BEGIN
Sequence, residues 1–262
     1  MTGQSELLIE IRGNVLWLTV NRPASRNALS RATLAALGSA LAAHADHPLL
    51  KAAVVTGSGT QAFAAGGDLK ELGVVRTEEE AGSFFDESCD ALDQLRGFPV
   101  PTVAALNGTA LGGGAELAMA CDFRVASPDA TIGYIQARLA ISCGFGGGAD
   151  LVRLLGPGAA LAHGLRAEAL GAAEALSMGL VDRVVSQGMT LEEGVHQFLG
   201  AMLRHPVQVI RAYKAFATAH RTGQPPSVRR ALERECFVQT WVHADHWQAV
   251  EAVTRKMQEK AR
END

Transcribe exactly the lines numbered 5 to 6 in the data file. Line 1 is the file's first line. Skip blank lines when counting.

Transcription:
   151  LVRLLGPGAA LAHGLRAEAL GAAEALSMGL VDRVVSQGMT LEEGVHQFLG
   201  AMLRHPVQVI RAYKAFATAH RTGQPPSVRR ALERECFVQT WVHADHWQAV